RCCL Online Symposium on Chinese Civil Code (7 June 2020)

On 28 May 2020, the Third Plenary Meeting of the 13th National People’s Congress passed the much anticipated Civil Code of the People’s Republic of China (Civil Code). When it comes into force on 1 January 2021, the Civil Code will replace the existing General Principles of Civil Law, General Rules of Civil Law, Contract Law, Property Law, Guarantee Law, Tort Liability Law, Marriage Law, Succession Law and Adoption Law, and becomes the single most comprehensive collection of civil and commercial provisions of law in China.

Given the importance of the Civil Code to the civil and commercial law development and practice in China, being a research centre which keeps close watch on China’s legal development, the Centre for Chinese and Comparative Law (RCCL) of the School of Law of City University of Hong Kong held an online academic symposium on 7 June 2020, inviting a group of civil law scholars and experts, from the Hong Kong, mainland China and overseas (including a member of one of the Civil Code drafting teams), to discuss a range of academic issues arising from the Civil Code, such as the debates and controversies during the law-making process and issues in its future application in areas including but not limited to the structure of the Civil Code, the general provisions, and the provisions relating to property, contract, personality rights and torts. 

While the Symposium was held on Sunday morning, the number of participants was still very high: in addition to eight speakers, there were 134 audience at the peak. 

The Symposium was divided into two parts: speakers’ presentations and roundtable discussion. The Symposium started with the opening speech by RCCL Director Prof. Wang Jiangyu who thanked all the participants’ support and participation in this event, and Prof. Liu Qiao — convenor of this Symposium and RCCL Core Member — who explained the purpose of this Symposium and introduced all the speakers.

In the first part of the Symposium, each of the speakers took turn to speak and share their insightful views with all the participants on various issues relating to the Civil Code, including the value of the Civil Code in the history of China’s civil law development; the controversies and responses relating to the Tort Liability Chapter; the public law dimension of the Property Law Chapter; the feasibility of applying the Contract Law Chapter and the Personality Rights Chapter to marriage and family law issues by analogy; changes in the Contract Law Chapter and methods to handle contractual deadlock situations; the relationship between Civil Code and politics; and the internal and external structural problems of the Civil Code.

The first speaker of this Symposium Prof. Han Shiyuan of Tsinghua University examined the Civil Code from historical, comparative law and social/legal development perspectives. He considered that the Civil Code is not only a milestone in China’s history, but also a practical necessity in China’s social development; it is a product of legal transplant and has the characteristics of ‘continental legal system as the fundamental structure, Anglo-American legal system for practical use’; it has absorbed the existing judicial interpretation and at the same time added new provisions. Notwithstanding that, however, Prof. Han pointed out that the practical value and regulatory function of the Civil Code remain to be seen, and whether the Civil Code could turn from the law on the book to living law depends on civil law education, which would be a long process.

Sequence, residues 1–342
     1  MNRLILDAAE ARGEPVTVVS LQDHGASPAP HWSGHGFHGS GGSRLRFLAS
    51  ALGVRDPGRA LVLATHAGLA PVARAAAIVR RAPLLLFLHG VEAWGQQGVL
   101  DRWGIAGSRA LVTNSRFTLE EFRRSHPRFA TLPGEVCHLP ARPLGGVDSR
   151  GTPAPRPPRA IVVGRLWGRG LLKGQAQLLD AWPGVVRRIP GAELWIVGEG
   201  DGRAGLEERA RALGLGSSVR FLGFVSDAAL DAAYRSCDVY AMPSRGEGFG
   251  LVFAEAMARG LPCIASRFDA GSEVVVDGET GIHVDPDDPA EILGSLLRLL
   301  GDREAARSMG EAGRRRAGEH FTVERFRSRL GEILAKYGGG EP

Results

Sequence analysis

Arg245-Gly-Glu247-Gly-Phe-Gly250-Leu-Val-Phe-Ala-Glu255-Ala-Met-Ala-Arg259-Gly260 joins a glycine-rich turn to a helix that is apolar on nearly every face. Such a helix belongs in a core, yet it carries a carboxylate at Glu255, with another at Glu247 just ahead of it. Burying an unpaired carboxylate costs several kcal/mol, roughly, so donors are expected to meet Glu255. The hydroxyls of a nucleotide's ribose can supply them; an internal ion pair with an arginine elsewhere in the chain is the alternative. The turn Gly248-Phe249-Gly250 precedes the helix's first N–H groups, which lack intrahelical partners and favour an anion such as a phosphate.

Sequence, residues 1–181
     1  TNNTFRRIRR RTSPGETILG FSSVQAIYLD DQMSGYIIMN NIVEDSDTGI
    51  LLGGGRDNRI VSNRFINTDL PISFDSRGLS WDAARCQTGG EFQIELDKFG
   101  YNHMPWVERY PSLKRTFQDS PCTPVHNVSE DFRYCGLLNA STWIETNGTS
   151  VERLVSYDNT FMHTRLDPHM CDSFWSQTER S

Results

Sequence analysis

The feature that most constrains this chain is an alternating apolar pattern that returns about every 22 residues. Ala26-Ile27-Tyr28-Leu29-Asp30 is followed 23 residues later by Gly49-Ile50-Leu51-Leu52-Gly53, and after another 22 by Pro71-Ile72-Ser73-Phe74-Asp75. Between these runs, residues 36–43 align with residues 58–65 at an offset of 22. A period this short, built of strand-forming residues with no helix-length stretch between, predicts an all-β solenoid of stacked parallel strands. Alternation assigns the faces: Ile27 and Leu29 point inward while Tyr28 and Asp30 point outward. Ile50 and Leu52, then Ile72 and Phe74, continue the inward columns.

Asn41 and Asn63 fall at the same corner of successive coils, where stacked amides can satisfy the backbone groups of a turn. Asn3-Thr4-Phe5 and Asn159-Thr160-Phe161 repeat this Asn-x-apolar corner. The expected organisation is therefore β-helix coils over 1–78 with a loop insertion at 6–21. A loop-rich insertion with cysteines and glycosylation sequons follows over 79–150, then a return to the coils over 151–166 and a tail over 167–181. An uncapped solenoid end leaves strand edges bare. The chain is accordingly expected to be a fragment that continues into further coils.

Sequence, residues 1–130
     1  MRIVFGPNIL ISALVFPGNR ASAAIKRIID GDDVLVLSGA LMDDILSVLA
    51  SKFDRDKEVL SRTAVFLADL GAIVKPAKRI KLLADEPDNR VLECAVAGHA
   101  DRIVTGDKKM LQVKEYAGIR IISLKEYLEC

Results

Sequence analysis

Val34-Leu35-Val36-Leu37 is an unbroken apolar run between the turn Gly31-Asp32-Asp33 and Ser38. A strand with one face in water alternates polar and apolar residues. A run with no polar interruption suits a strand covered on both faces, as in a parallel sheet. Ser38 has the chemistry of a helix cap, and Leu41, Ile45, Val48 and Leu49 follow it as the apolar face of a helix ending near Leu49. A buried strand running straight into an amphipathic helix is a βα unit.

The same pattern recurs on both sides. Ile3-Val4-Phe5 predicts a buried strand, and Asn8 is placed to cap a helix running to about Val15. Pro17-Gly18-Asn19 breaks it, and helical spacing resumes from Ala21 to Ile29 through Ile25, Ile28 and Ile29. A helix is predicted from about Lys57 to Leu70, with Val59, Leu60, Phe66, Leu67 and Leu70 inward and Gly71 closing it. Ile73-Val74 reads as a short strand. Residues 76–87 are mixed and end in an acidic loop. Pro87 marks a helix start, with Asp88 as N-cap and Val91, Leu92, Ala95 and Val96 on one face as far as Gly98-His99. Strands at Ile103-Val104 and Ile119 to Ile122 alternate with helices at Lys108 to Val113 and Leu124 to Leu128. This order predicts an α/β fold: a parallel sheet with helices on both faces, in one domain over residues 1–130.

Dr. Meng Qiang’s presentation focused on the Tort Liability Chapter of the Civil Code. He discussed the changes from Tort Liability Law to the Tort Liability Chapter in the Civil Code, including the opinions of the draftsmen of the Tort Liability Chapter and the responses in the Civil Code with regard to the scope of personal injury compensation; the role of Internet in cyber infringement; product liability; and the liability issues in traffic accidents related to online car hailing service, in medical incidents and in cases involving dropping objects from buildings. Besides, Dr. Meng also talked about provisions regulating voluntary risk taking, private remedy, intellectual property, punitive compensation relating to environmental pollution and ecological destruction, lift with good intention by non-business vehicles, and the increase in the property management companies’ security protection obligation with regard to dropping objects from buildings.

Prof. Ling Bing analysed the changes in the Contract Law Chapter and focused on discussing the right of the breaching party to rescind the contact in contract deadlock situations. He pointed out that while both Article 580 of the Civil Code and Article 48 of the Notice by the Supreme People’s Court of Issuing the Minutes of the National Courts’ Civil and Commercial Trial Work Conference (SPC Notice) attempt to solve the problems relating to contract deadlock, the subject of these two provisions are different. Besides, he commented that Article 580 of the Civil Code fails to solve two kinds of contract deadlock situations in practice while the relevant provisions in the SPC Notice are too general and needed to be made more specific to avoid the court enjoying too much discretion. Given the aforementioned problems, Prof. Ling was of the opinion that contract deadlock situations still have to be interpreted by the court and the NPC Notice should continue to be applied.